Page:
Obama criticizes GOP presidential field while in Cannon Falls
CANNON FALLS (AP) -- President Barack Obama launched a rare direct attack Monday on the GOP presidential field, criticizing Republican hopefuls for what he contended was their blanket opposition to any compromise involving new taxes.
"Think about that. I mean, that's just not common sense," Obama said at a town hall-style meeting in Cannon Falls, Minn., as he kicked off a three-day bus tour through Minnesota, Iowa and Illinois.
"You need to take a balanced approach," he said.
Obama made the comment after describing a moment in last week's GOP presidential debate when all eight of the candidates participating said they would refuse to support a deal with tax increases, even if tax revenues were outweighed 10-to-1 by spending cuts.
Obama didn't mention any of the candidates by name, and started the remark by saying, "I know it's not election season yet."
But his comment underscored that election season is well under way. And the bus tour itself, although an official White House event rather than a campaign swing, took on a campaign feel coming on the heels of Republican Michele Bachmann's weekend victory in the Iowa Straw Poll and through states Obama won in 2008 but where he now needs to shore up his standing and counter GOP attacks.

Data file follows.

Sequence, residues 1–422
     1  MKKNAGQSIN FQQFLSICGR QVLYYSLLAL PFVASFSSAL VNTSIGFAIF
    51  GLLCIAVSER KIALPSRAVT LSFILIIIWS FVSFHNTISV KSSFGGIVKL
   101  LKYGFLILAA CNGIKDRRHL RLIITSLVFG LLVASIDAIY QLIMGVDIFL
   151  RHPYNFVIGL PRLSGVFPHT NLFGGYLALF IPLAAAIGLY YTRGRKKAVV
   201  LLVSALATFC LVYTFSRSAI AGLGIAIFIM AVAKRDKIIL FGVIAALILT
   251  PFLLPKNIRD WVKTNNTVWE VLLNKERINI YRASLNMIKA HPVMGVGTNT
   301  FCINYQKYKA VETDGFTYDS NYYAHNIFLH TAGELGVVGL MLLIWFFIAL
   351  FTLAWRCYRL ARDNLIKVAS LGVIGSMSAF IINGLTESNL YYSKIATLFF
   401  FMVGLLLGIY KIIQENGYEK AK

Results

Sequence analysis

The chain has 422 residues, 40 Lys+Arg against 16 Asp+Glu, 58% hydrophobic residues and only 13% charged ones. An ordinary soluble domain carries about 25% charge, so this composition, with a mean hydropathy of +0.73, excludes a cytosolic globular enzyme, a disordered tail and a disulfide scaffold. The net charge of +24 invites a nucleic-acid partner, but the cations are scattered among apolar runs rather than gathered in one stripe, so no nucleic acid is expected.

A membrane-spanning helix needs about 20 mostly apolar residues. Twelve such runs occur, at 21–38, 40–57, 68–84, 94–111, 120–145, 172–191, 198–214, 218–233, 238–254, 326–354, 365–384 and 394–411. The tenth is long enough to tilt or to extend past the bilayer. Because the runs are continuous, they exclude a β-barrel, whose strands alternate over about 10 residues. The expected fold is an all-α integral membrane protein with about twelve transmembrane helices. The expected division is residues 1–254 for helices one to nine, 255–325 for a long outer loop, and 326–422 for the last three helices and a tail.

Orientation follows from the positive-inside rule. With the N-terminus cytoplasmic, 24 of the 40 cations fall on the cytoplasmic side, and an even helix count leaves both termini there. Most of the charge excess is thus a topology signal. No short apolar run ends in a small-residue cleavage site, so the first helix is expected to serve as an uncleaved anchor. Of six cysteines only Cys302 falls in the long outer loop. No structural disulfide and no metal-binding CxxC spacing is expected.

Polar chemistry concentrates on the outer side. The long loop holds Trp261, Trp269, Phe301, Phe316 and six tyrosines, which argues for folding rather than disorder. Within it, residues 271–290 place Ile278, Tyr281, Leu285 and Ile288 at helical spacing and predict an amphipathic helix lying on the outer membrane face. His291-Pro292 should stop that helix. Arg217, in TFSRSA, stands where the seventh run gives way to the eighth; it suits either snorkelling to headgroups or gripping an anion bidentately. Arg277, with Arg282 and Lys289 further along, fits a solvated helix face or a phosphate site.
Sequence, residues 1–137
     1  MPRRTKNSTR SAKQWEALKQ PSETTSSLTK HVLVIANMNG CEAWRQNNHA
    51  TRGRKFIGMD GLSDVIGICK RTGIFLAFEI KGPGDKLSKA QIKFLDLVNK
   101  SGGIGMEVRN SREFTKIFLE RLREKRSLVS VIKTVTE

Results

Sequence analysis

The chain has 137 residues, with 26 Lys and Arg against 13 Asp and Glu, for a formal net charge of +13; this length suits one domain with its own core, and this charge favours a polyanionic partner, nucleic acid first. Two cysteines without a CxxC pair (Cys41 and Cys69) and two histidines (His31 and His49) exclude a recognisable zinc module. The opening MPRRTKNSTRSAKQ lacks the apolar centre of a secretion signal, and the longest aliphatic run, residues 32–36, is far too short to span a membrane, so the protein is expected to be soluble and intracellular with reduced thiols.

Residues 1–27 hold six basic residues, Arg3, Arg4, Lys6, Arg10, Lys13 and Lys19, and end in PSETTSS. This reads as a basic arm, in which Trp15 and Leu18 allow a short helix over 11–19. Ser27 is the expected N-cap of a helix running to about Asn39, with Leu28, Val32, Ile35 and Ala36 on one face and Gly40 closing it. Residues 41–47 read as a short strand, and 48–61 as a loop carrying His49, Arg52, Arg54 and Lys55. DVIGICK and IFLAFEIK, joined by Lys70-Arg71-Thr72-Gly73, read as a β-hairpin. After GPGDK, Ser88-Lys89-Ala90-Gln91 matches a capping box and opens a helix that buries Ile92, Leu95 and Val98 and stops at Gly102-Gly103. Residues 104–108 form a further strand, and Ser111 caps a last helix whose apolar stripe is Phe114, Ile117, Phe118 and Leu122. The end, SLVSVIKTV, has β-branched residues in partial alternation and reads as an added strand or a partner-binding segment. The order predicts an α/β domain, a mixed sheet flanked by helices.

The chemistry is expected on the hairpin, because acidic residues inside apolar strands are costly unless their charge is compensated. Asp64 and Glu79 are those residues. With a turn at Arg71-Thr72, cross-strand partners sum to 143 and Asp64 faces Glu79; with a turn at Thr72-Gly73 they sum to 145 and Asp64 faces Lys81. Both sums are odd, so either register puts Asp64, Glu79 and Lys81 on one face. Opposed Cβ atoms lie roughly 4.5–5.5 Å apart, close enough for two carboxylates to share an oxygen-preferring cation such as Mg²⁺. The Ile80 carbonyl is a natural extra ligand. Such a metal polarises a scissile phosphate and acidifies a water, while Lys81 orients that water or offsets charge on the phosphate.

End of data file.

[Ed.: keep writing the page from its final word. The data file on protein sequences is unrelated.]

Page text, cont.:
It also comes after the president spent much of the summer holed up in the nation's capital enmeshed in bitterly partisan negotiations on the debt crisis that cratered his approval ratings and those of Congress amid a faltering economy and high unemployment.
In response to a question, Obama also took the chance to counter the anti-big-government stance embraced by the tea party and largely by the Republican presidential field.
He noted that although government doesn't do everything well, it's also responsible for sending a man to the moon and for the military defending the country, among other things.
"When you go to the National Parks and those folks in the hats, that's government," Obama said.
"As frustrated as you are about politics don't buy into this notion that somehow government is what's holding us back," he said.
He made clear he believes Congress is responsible for that, at least in part, accusing lawmakers of putting politics ahead of the country and calling on voters to tell them to cut it out.
"You've got to send a message to Washington that it's time for the games to stop, it's time to put country first," Obama said.
"If you can do the right thing, then folks in Washington have to do the right thing," the president said. "And if we do that, there is not a problem that we face that we cannot solve."
Eager to get out of Washington, Obama struck a casual tone, ditching his suit and tie for a sports coat and khakis for the open-air event.